Mike DeGeorge: As Rick mentioned, heroin use has been on the rise in the U.S. Recent data showed that 75% of heroin users were introduced to opioid use through prescription opioids.2 For that reason, we sought to investigate the use of heroin in a population of individuals prescribed opioids for pain. We did this by examining over 170,000 samples from patients prescribed opioids that were received at our lab.

How is this current heroin epidemic affecting pain patients?

Mike DeGeorge: In our study, we found that 1.3% of the 170,000 samples tested positive for the heroin metabolite, 6-monoacetlymorphine. This is significantly greater than the 0.3% seen in the general population.1

Ameritox: Does Ameritox’s research show that there is a relationship between opioid and heroin abuse?

Mike DeGeorge: Based on our research, there does appear to be a relationship between heroin use and misuse of prescription opioids. We found that when patients were positive for heroin, their urine samples tested negative for their prescribed opioid 56% of the time. In 23% of those same samples we also found evidence of the use of a synthetic opioid without a prescription, including drugs such as methadone, fentanyl and buprenorphine.

What other trends are you finding among chronic pain patients who tested positive for heroin?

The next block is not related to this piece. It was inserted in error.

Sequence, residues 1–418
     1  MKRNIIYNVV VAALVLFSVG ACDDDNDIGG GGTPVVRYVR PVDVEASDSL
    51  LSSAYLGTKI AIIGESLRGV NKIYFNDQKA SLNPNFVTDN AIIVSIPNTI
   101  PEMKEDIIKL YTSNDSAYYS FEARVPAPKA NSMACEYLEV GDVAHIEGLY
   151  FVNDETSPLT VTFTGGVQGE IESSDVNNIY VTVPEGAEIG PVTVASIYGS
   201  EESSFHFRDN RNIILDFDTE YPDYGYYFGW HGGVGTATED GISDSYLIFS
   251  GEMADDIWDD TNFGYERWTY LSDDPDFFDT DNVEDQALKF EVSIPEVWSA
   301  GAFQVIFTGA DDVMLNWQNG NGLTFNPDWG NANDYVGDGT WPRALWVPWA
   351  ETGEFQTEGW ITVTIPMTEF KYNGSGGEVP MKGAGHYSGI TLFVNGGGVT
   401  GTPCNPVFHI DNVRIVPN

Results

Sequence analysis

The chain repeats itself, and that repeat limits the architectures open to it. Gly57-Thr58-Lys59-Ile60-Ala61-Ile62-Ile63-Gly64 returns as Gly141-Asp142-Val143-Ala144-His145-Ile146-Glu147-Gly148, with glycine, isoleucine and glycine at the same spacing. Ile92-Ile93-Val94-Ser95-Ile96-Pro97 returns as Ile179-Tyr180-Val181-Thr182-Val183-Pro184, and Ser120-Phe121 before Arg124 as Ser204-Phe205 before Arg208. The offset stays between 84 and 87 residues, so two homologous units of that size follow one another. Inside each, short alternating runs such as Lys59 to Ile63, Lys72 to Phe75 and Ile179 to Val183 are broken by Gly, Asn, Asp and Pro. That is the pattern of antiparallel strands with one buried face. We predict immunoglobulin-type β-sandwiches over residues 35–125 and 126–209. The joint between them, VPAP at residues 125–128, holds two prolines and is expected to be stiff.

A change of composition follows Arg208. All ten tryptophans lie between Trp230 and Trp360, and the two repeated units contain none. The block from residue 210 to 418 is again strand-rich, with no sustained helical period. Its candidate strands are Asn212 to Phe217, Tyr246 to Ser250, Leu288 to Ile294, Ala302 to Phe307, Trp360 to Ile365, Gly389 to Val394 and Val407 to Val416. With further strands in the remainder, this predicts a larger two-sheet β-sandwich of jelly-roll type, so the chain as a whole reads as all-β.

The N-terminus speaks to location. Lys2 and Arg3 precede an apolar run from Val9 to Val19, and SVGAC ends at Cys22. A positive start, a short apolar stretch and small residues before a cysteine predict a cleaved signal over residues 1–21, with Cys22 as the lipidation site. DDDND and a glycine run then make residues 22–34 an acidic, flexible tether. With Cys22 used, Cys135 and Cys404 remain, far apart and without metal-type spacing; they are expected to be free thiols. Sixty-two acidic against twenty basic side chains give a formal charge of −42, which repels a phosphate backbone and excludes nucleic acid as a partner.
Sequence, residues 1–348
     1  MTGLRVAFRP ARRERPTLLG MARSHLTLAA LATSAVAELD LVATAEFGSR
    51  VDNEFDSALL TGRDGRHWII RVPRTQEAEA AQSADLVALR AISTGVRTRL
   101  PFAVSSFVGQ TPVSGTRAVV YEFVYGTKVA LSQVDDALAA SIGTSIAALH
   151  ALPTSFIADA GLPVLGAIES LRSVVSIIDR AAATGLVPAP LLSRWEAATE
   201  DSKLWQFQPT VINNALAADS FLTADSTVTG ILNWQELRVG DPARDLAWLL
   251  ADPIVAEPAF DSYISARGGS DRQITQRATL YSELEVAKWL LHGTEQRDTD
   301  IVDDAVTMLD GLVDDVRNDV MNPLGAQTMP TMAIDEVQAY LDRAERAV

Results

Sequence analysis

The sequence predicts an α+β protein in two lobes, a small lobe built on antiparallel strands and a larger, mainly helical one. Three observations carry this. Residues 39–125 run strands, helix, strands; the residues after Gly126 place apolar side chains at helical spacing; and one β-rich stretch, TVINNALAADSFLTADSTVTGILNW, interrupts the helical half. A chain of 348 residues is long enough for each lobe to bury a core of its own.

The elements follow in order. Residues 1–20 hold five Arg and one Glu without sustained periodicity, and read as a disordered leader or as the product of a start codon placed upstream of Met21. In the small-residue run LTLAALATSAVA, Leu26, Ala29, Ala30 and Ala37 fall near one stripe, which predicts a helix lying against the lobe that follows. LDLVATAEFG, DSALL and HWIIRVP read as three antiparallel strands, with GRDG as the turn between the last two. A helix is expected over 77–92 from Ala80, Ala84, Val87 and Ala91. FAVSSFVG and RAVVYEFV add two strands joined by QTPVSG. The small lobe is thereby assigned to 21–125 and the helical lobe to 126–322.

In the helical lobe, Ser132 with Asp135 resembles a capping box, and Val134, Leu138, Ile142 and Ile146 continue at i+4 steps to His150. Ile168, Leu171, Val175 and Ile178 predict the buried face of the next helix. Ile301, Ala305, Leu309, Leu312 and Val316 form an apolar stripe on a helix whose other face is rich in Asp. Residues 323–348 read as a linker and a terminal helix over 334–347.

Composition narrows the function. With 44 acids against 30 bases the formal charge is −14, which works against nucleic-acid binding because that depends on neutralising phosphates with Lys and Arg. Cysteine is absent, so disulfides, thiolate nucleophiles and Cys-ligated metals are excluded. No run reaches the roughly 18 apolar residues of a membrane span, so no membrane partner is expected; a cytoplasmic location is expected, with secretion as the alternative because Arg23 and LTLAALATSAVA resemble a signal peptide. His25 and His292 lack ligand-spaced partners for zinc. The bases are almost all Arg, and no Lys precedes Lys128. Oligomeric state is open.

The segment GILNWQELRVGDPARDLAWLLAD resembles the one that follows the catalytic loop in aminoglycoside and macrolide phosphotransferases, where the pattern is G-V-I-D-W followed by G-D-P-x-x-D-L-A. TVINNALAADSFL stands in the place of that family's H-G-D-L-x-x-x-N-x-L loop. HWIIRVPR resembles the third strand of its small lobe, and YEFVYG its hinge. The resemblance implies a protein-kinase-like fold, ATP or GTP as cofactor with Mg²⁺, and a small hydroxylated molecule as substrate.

Mike DeGeorge: The other trend we saw was that heroin positive samples were more likely to test positive for cocaine, marijuana, a non-prescribed prescription stimulant product, or a non-prescribed sedative hypnotic, including benzodiazepines. Interestingly, heroin positive samples were more likely to test negative for those same sedative hypnotics when they were prescribed to them.

The demographics of the heroin positive patients in our study matched well with those of the general population reported previously. Specifically, males and patients between the ages of 19 and 39 years were most likely to test positive. Geographically, samples from the Midwest and Northeast were the most likely to test positive for heroin. From a payer standpoint, samples from patients who have Medicaid as their primary payer were the most likely to contain evidence of heroin use.

How do “drug cocktails” affect people using heroin?

Mike DeGeorge: When heroin is used with prescription opioids and benzodiazepines, the individual is at greater risk for central nervous system and respiratory depression, which can ultimately lead to an overdose death. In our study, more than 4% of the samples tested positive for heroin, a sedative hypnotic, and a synthetic opioid. Additional, slightly more than 1% of the samples tested positive for the combination of heroin, a sedative hypnotic, a synthetic opioid, and cocaine.

1. Substance Abuse and Mental Health Services Administration. Results from the 2012 National Survey on Drug Use and Health: Summary of National Findings and Detailed Tables. Available at: Accessed on August 21, 2014.
2. Cicero TJ, Ellis MS, Surratt HL, Kurtz SP. The changing face of heroin use in the United States: a retrospective analysis of the past 50 years. JAMA Psychiatry. 2014; 71(7): 821-826.

This article originally appeared on MPR